Additionally, while the amendment states abortion “may” be banned once an unborn baby is considered “viable” to live outside its mother’s womb, the anti-life activists qualify this statement:

But in no case may such an abortion be prohibited if in the professional judgment of the pregnant patient’s treating physician it is necessary to protect the pregnant patient’s life or health.

The “health” of the mother is a giant loophole used by the abortion industry that has come to include even minor stress or anxiety about a pregnancy.

In January, Kristi Hamrick, vice president of media and policy for Students for Life Action, told The Star News Network it is “universally accepted that saving the life of the mother, when two lives can’t be saved, is important.”

Hamrick, however, made a sharp distinction between the “life” of the mother and the “health” of the mother.

“The phrase ‘health of the mother’ has been used by abortionists to justify their entire business model,” she explained, adding that the word “‘health’ has been twisted out of recognition in abortion-related law.”

“Abortionists use ‘health’ to justify their healthy bottom line, and they are making billions,” Hamrick asserted.

Students for Life of America President Kristan Hawkins also criticized former President Donald Trump in a January op-ed at Fox News after he blamed pro-life leaders, who did not advocate for exceptions to abortion restrictions, for the Republican Party’s losses in the midterm elections.

“Trump’s first mistake was muddying the discussion with the term ‘exceptions’ that allows the abortion lobby to justify more than 63 million abortion deaths since 1973, while making multi-millions in profit each year,” Hawkins noted, adding, in particular:

Life of the mother protections have almost universal support spelled out in every pro-life bill passed nationwide. Pro-life leaders like myself have been clear that it’s not an act of direct abortion when the struggle is to save two lives, but only one will make it.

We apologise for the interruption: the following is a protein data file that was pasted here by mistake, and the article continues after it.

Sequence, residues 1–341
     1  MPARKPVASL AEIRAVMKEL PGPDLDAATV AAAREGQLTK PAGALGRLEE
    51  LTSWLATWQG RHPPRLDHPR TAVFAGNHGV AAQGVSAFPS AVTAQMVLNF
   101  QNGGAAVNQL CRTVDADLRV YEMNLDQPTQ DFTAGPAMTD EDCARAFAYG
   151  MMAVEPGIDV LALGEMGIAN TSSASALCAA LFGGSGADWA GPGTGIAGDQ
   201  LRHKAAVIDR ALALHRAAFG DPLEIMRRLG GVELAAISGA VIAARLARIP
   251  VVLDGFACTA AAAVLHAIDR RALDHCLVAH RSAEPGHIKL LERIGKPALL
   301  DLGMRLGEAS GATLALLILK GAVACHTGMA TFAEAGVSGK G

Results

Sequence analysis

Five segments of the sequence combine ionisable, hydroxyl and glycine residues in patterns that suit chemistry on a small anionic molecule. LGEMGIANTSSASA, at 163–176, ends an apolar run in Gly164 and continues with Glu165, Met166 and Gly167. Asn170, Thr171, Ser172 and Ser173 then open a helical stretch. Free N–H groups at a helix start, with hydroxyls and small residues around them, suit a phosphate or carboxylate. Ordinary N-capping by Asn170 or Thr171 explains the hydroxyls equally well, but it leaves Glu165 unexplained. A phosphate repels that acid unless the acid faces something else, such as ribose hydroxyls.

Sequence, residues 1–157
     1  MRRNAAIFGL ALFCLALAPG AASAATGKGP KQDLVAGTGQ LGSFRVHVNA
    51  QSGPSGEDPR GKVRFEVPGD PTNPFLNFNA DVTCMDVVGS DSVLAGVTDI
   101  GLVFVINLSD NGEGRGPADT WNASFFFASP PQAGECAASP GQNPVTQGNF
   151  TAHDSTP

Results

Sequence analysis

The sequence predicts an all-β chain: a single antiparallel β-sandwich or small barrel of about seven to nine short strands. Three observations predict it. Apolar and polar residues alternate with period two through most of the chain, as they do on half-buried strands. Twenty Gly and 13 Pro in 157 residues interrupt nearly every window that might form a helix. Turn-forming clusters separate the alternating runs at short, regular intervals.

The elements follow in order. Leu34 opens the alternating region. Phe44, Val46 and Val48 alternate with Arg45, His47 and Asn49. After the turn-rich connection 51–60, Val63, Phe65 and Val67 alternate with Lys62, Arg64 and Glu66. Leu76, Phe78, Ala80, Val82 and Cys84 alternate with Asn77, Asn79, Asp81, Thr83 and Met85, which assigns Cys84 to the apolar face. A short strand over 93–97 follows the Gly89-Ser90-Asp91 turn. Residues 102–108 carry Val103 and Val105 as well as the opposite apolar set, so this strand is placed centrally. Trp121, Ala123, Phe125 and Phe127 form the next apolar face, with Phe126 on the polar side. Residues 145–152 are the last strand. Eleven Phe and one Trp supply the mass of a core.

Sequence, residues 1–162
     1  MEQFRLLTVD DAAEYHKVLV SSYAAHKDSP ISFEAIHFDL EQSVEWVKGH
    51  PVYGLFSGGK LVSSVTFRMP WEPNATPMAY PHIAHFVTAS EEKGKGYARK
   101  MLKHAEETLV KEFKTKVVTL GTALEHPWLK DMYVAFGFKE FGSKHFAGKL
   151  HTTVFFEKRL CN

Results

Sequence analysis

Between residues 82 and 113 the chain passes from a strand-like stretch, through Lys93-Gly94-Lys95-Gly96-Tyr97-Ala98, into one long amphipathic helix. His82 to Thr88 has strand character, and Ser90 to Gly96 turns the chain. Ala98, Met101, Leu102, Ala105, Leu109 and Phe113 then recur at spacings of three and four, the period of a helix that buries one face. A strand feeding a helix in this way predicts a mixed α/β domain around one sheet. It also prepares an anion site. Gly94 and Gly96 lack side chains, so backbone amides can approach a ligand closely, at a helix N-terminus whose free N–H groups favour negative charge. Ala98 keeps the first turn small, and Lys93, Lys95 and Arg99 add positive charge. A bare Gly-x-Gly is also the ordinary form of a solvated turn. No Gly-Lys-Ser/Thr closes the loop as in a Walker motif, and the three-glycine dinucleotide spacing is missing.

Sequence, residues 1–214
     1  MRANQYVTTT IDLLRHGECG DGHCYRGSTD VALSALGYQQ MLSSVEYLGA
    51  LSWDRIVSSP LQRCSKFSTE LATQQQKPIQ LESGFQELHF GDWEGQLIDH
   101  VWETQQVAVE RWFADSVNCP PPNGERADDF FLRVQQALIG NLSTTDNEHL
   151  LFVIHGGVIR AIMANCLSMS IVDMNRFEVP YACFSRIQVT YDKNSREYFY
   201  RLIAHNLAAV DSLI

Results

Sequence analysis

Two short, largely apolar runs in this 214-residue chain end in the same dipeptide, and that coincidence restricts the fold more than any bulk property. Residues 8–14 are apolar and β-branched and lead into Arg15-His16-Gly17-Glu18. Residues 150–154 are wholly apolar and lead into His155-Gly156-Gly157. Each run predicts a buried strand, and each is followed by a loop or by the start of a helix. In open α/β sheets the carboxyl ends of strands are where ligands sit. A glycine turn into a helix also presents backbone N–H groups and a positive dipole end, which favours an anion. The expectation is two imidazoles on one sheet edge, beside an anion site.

In February 2016, when Hillary Clinton was campaigning for president and championing exceptions to any abortion restriction for the “health” of the mother, Susan B. Anthony Pro-Life America President Marjorie Dannenfelser wrote at National Review that, after 43 years, at that time, of Roe v. Wade, the abortion industry had shown “that allowing a woman’s health exception to a late-term abortion ban is a loophole so big as to make the underlying restriction meaningless.”

“It applies to anyone who claims to feel ‘mental distress’ at the thought of having a baby,” Dannenfelser observed.

The proposed Ohio amendment also states that “fetal viability” is “determined on a case-by-case basis.”

Ruth Edmonds, of Center for Christian Virtue, Ohio’s largest Christian public policy organization, asserted as well the proposed amendment is both “anti-parent and anti-woman”:

It completely abolishes current Ohio law guaranteeing parental involvement before any abortion is performed on their minor daughter. It also removes critical health and safety protections for Ohio women that are currently in place.

“If this amendment passes, the wellbeing of Ohio’s women and girls would be sacrificed so that the abortion industry can bring painful late term abortion to our state,” Edmonds added. “Ohioans must reject this proposal.”

In his letter certifying the ballot measure’s language in the petition is “fair and truthful,” Ohio Attorney General Dave Yost warned of potential legal problems with the constitutional amendment.

“There are significant problems with the proposed amendment, and if adopted it will not end the long-running litigation on this topic, but simply transform it,” Yost wrote.

The petition for the amendment was filed last week by radical anti-life advocates, including Planned Parenthood, Pro-Choice Ohio, the Abortion Fund of Ohio, and the American Civil Liberties Union (ACLU) of Ohio.

The measure now heads to the Ohio Ballot Board, which has 10 days to certify the ballot language contains only one proposal. If the Ballot Board approves, the abortion activists would have until Wednesday, July 5, to collect and submit approximately 412,500 valid signatures to place the issue before voters on the ballot in November.

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Susan Berry, PhD, is national education editor at The Star News Network. Email tips to [email protected]
Photo “Pregnancy Test” by cottonbro studio.